Maxine laid down the paper. "So, Reed, your decision to leave your successful law practice and your family has nothing to do with any of this?"
"Leave!" I squealed at the television. "What in the hell are you talking about?"
Reed continued, "Absolutely not. When a man's in love, he simply can't help himself." He paused to look adoringly down into the simpering crone's eyes. "And I'm completely in love with Trixie."
"Trixie!" I screeched. My husband was dumping me on national television, destroying our family, ruining our daughter's life, and ending his successful career. And he was doing all this for a woman with a name that typically belonged to a Chihuahua?
This couldn't be happening. This just simply couldn't be real. Stable, devoted, dependable men like Reed didn't walk out on the families and careers they'd taken a lifetime to build.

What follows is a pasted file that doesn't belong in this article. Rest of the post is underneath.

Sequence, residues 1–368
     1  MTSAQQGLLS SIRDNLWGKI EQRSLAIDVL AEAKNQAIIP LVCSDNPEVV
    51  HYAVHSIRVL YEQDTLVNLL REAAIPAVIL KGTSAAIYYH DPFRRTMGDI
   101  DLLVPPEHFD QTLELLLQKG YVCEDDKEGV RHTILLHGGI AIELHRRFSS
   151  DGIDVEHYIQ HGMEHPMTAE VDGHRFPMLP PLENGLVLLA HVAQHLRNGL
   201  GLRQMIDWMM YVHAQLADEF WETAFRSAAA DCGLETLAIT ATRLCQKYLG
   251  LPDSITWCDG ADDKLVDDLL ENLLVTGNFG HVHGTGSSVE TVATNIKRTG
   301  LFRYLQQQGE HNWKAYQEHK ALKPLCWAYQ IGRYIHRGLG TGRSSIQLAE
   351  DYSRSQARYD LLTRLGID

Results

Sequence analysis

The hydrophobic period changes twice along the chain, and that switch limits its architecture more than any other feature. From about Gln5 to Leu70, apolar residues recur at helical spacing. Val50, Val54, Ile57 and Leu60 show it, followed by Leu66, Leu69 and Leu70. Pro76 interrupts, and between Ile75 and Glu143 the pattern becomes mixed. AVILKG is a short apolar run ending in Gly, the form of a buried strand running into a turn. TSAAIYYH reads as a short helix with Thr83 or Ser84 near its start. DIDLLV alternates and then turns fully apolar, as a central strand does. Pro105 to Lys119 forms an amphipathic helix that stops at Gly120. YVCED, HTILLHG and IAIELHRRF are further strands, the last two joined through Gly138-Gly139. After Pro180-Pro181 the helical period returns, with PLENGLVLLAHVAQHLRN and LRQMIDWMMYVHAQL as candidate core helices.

Then it hit me. It was a joke. Of course. Why hadn't I thought of that before? It wasn't really national television, it was only a DVD. For all I knew, Reed could have had some computer techie friend from the firm set the whole thing up.
I heaved a sigh of relief. This was nothing more than some sort of weird attempt at humor on Reed's part. A gag gift for my Big Four-Oh.
Reed was speaking again. "You know, Maxine, the whole concept of marrying for money wasn't created by a man."
"Is that right?"
Excerpted from "Relatively Crazy"
Copyright © 2017 Ellen Dye.
Excerpted by permission of The Wild Rose Press, Inc..
All rights reserved. No part of this excerpt may be reproduced or reprinted without permission in writing from the publisher.
Excerpts are provided by Dial-A-Book Inc. solely for the personal use of visitors to this web site.
Most Helpful Customer Reviews